This is an exciting opportunity to make a significant contribution to the University’s research strategy by communicating the benefits of, and enabling, open research practices across the range of disciplines at the University of Surrey. You will work across the University, and nationally with the UK Reproducibility Network (UKRN), to accelerate the uptake of Open Research practices. Open Research refers to research which is practiced in a way that is suitably transparent for others to contribute and collaborate, and that enables research to be reproduced. It engenders research improvement and ensures public trust in research.
The UK higher education sector has invested approximately £1bn in academic publishing over the last decade (i). In our view, the principles guiding interactions between UK institutions and academic publishers should be:
Value for money.
Availability of output to all readers without subscription (e.g., open licensing).
Transparency in agreements (e.g., making costs openly available).
Support for and implementation of initiatives such as DORA.
Support for transparent research practices (e.g., around data and code).
Support for text and data mining (at no extra cost).
Active and transparent engagement with expressions of concern.
The UK higher education sector should take these factors into account in discussions with academic publishers, on the understanding that our continuing support of those who do not meet an acceptable standard is not in the long-term interests of the sector.
An Open Research Action Plan is a funded, medium-term programme of cultural change within a research organisation to promote and embed more accessible, transparent and reproducible ways of conducting and communicating research.
The Checklist for an Open Research Action Plan is a practical guide for stakeholders seeking to develop such a programme. It is based on the experience of creating and implementing an Open Research Action Plan at the University of Reading, but it also draws on a range of resources and activities undertaken to promote the growth of Open Research culture in higher education institutions. While its main frame of reference is the UK university sector, the Checklist can be adapted to any local context.
“Scientific knowledge should not be locked behind paywalls, or only available to those who can read and write in English.
Scientific ideas and findings should be shared as quickly as possible.
Scientific work should be judged on its merits, and not on how good a “story” it tells: and so should scientific researchers.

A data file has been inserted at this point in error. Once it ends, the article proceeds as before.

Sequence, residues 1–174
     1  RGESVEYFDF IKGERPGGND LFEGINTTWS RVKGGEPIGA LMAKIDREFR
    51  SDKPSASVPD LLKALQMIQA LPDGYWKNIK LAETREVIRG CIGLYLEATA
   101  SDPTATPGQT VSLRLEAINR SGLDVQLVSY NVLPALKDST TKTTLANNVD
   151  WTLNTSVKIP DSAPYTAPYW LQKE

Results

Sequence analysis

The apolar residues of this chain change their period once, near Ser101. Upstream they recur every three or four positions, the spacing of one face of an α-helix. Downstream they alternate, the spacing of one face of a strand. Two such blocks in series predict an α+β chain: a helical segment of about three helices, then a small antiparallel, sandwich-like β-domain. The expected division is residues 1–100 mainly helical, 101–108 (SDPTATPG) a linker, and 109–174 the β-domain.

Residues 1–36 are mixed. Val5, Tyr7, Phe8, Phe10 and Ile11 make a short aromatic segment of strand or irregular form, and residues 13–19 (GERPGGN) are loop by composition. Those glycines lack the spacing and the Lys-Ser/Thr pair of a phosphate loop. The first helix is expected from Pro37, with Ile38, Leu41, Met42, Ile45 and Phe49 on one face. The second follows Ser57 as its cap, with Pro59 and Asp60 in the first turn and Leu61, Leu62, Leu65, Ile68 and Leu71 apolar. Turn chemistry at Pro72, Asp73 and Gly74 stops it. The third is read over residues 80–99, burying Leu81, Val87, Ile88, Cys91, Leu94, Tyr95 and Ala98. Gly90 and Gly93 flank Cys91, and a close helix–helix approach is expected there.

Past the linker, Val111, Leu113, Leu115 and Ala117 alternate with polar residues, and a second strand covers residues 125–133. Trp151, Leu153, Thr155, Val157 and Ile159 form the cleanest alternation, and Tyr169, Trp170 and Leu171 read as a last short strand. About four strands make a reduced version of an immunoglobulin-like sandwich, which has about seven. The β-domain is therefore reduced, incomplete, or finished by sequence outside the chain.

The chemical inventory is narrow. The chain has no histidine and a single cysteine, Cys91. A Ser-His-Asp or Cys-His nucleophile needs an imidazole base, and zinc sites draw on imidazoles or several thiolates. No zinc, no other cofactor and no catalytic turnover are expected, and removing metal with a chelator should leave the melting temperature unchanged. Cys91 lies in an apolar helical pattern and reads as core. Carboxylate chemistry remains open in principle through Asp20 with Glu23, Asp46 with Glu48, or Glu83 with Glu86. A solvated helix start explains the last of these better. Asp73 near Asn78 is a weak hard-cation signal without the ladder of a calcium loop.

These principles underlie the design of Octopus: a new way to share scientific work that recognises and rewards good practice, and serves the needs of both scientists and science itself….
In Octopus you publish work in units smaller than a “paper”.
You can write and share one of 8 kinds of publication (though we support custom types for different fields and research types):
Problem – a neatly defined scientific problem
Hypothesis/Theoretical Rationale – an original hypothesis relating to an existing published Problem or the rationale for how you think the Problem could be addressed
Method/Protocol – a practical method of testing an existing published Hypothesis
Data/Results – raw data or summarised results collected according to an existing published Method (can be linked to a data repository)
Analysis – a statistical or thematic analysis of existing published Data or Results
Interpretation – a discussion around an existing published Analysis
Translation/Application – “real world” applications arising from an existing published Interpretation
Review – a considered, detailed review of any of the above kinds of publication …”
“We are offering a one-day short course on data management skills for Open Research online in November 2020. It is open to researchers at all career stages, and across all quantitative disciplines in the biomedical sciences (broadly defined). The workshop is free, supported by Cancer Research UK. We especially encourage researchers funded by CRUK to apply. The course aims to teach researchers how to make their work more reproducible, open and robust through the use of data management tools such as R and Git. Attendees will come away with an overview of how open/reproducible data pipelines work, and why they are important, as well as hands-on experience delving into specific tools. The workshop will include four main components:…”